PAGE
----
Solidifying Passwords by Understanding Entropy

  • Episode 318
  • October 22, 2013

Make your password much more challenging for computer programs to brute force by taking entropy into account when planning out your password. Don't worry, we explain in easy-to-grasp terms.

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This episode is sponsored in part by: Eco Alkalines.

Topics Covered:

  • {play 4:56}Something that would have done really well on our nostalgic gamer episode: FullScreenMario
  • Greetings to our newly registered viewers.
  • {play 7:38}Thank you to all who have supported our crowdfunding campaign so far! We need your support. If everyone watching this episode gave just $2, we'd surpass our top goal.
  • {play 12:24}What Eric Kidd has been up to.
  • {play 13:52}Feature: Securing your password by understanding entropy.
    • Note: in order to avoid the overly-complex mathematics of finding true entropy, we have designed some easy-to-understand samples to conduct these demonstrations. Mathematically, they are not entirely accurate and do not take into account all variables, however the facts demonstrated remain (eg., the difference in strength between password types) and this was done intentionally to simplify a very complex lesson.
    • Who we need to be most concerned about when it comes to our password strength.
    • Entropy is the measurement of the unpredictability of data.
    • Uncertainty influences entropy.
    • Some simplistic examples of how to understand the randomness of data.
    • What we generally think of as a strong password is in fact not stong at all. aT3!o5 would take a modern computer just fractions of a second to figure out.
    • Simple word-based passwords can be stronger than hard to remember random passwords for brute-force attacks. projectorfireplace would take a brute-force attacker 334 million years to guess (but only 4 days by dictionary attack—read below).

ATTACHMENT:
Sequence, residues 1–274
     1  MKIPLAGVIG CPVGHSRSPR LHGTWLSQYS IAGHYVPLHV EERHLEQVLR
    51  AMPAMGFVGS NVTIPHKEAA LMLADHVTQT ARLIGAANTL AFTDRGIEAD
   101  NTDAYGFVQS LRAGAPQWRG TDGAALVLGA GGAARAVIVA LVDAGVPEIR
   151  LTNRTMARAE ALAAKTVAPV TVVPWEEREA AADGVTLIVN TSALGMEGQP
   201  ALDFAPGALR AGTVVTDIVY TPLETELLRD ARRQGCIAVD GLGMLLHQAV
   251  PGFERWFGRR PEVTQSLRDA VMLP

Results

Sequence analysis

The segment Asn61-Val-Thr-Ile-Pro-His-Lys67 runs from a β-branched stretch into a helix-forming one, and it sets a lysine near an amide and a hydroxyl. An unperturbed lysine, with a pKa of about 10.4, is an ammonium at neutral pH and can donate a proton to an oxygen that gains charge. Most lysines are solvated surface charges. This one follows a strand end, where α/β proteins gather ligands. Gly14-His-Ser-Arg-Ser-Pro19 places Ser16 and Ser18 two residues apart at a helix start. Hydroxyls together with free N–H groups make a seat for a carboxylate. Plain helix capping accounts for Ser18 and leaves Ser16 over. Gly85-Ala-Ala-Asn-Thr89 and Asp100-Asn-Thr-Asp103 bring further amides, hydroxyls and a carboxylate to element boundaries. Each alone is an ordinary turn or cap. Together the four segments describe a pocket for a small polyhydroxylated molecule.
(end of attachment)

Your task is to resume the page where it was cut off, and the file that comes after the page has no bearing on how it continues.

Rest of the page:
• Adding random characters to the simple word-based password will improve the password for dictionary-based attacks.
    • Figuring out the maximum number of tries it would take to brute-force your password.
    • Now that we've created a password that is strong against brute-force attacks, let's strengthen it so a dictionary attack has more trouble guessing your password.
    • Note: Based on what we've learned, a dictionary attack could figure out projectorfireplace in only 4 days (based on 1,000,000 words in the English language). So it is important to also add some protection against these types of attacks. pRojectorf1replace@&*monitor would take a modern computer up to 525 decillion years to crack. Not too likely to happen.
    • Using common sense not to share your actual password, test your password security using the How Secure Is My Password tool. Also check out GRC's "How Big Is Your Haystack" page.
    • Don't use the same password on any services.
  • {play 36:22}Top Stories from the Category5.TV Newsroom.
    • Removal of scar tissue from the heart may help patients of pending heart failure.
    • IsoHunt is shutting down and being hit with a $110m fine.
    • IBM is working on a computer architecture based loosely on the human brain, complete with “blood”.
    • Microsoft has done it again! Their latest upgrade to “fix” their OS has in fact broken it.
  • {play 43:33}Unboxing the new Roku 2.
    • Roku 1 and Roku 2 works with TV's with HDMI or composite connectors. Roku 3 only has HDMI.
    • Roku 2 and Roku 3 feature in in-remote headphone jack.
  • {play 51:20}Viewer Question: How much does Wirecast cost, and how can I obtain it in India? Do you prefer Windows or Mac OS for Wirecast? Is Mac or PC hardware better for broadcasting with Wirecast?
  • {play 57:54}Please support Category5 TV on our Indiegogo fundraiser.
  • Host: Robbie Ferguson
  • Co-Host: Eric Kidd


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